Gastric dilatation/volvulus (GDV) is a serious life-threatening condition that develops very quickly. Without quick intervention, most dogs are lost once they develop this problem.
The cause is not well understood. Large deep-chested breeds (Great Danes, Mastiffs, Fox Hounds, others) are more commonly affected, but the problem can occur in any breed, even small dogs. The presence of food in the stomach with extreme activity after eating seems to put a dog at risk, so a likely scenario would be a large dog playing hard right after eating.
Dilatation describes a stomach that is distended or enlarged, and the dilatation part of the problem occurs first (“bloat”). A stomach dilated with either food or gas behaves differently in the abdomen and is more likely to twist, which is the volvulus part of the equation. Imagine holding a sock by each end. Enlarge the heel portion to get the dilatation. The twisting motion can then occur by flipping the dangling middle around in a circle. Twisting can also occur by exchanging the position of your right and left hands. Some cases will have both types of twists at the same time. As the twisting occurs, blood flow is kinked off. At this point the stomach can’t empty itself but continues to seep fluid into it’s lumen, and gas increases. These stomachs become extremely large and press on the heart and lungs through the diaphragm, leading to decreased heart function and shock. The blood supply to the spleen is closely related to that of the stomach and the spleen becomes quickly compromised. Oftentimes a splenectomy is required at surgery in addition to the correction of the stomach displacement.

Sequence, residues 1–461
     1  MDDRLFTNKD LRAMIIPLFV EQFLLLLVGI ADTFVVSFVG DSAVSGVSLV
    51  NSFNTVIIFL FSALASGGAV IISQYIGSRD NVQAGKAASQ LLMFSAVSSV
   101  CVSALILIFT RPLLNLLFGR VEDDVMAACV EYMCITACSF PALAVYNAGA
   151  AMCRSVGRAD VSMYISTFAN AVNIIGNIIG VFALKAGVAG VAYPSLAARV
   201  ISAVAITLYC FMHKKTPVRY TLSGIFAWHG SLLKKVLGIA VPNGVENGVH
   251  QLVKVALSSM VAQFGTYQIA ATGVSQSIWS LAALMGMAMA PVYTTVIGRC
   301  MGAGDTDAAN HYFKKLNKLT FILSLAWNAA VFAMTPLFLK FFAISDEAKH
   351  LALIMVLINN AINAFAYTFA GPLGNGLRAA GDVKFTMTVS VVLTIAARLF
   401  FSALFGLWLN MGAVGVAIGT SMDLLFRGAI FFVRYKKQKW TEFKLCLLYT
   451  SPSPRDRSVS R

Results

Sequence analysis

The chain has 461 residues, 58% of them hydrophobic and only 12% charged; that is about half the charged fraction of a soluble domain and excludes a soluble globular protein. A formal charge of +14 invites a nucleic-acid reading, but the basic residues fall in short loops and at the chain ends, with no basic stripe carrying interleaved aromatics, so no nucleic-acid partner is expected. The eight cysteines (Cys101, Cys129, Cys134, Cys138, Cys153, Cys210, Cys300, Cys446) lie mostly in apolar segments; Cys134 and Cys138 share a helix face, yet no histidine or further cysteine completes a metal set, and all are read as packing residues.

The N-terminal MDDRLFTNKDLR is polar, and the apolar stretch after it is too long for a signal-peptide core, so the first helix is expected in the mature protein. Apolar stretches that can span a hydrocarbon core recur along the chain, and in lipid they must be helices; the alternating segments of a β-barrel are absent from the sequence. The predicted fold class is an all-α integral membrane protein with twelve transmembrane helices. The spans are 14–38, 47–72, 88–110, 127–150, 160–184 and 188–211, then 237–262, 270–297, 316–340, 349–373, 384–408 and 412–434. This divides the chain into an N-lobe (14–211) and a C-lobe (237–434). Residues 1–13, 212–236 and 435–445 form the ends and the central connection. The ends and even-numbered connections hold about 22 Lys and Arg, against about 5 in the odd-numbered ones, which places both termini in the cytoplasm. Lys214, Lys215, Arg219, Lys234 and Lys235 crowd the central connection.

Owners will see a variety of signs, including depression, drooling, vomiting or attempts to vomit, defecation and straining to defecate. Some dogs will stand with forelimbs positioned far forward and their belly low to the ground. A quickly enlarging abdomen is sometimes seen, an ominous sign. Many owners report a foreboding sense of something wrong as the only initial sign noted. This is truly a condition when minutes count, and these dogs must be assessed quickly.
Diagnosis is by x-ray. If only dilatation is present, passage of a stomach tube and removal of gas may correct the condition. If not, surgery is the only option, and must be done quickly. Post-operative monitoring is very important. As the stomach is untwisted, sequestered electrolytes and toxins are released to be absorbed into the system, and these patients are prone to cardiac arrhythmia. As a result, many of these patients must be managed at a referral center with 24 hour care for a day or two.
Prevention involves slowing food intake and preventing extreme exercise immediately after eating. Some believe that elevating the food bowl may help prevent the disorder, while others now believe that may predispose your dog to the problem. Gastropexy involves surgically anchoring the stomach to prevent twisting. This is easily done during a spay but requires an involved surgery otherwise. Gastropexy prevents the twisting part of the problem but not the dilatation (“bloat”). Again, the mechanism of GDV is poorly understood. Some cases defy explanation as to why they occur.